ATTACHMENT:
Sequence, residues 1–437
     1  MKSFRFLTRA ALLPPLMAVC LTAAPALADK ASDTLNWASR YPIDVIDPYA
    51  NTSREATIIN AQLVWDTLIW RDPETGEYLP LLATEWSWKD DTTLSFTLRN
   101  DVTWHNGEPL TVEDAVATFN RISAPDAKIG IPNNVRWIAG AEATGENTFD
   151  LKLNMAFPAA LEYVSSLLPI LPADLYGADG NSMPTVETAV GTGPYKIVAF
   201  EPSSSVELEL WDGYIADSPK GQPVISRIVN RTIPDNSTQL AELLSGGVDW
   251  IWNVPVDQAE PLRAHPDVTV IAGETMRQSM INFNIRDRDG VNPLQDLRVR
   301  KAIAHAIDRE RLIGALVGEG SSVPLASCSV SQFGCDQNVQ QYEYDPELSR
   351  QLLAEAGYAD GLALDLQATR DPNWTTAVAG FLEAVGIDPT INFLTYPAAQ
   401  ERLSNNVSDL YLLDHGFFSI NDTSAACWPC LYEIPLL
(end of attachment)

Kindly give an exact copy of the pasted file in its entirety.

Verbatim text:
Sequence, residues 1–437
     1  MKSFRFLTRA ALLPPLMAVC LTAAPALADK ASDTLNWASR YPIDVIDPYA
    51  NTSREATIIN AQLVWDTLIW RDPETGEYLP LLATEWSWKD DTTLSFTLRN
   101  DVTWHNGEPL TVEDAVATFN RISAPDAKIG IPNNVRWIAG AEATGENTFD
   151  LKLNMAFPAA LEYVSSLLPI LPADLYGADG NSMPTVETAV GTGPYKIVAF
   201  EPSSSVELEL WDGYIADSPK GQPVISRIVN RTIPDNSTQL AELLSGGVDW
   251  IWNVPVDQAE PLRAHPDVTV IAGETMRQSM INFNIRDRDG VNPLQDLRVR
   301  KAIAHAIDRE RLIGALVGEG SSVPLASCSV SQFGCDQNVQ QYEYDPELSR
   351  QLLAEAGYAD GLALDLQATR DPNWTTAVAG FLEAVGIDPT INFLTYPAAQ
   401  ERLSNNVSDL YLLDHGFFSI NDTSAACWPC LYEIPLL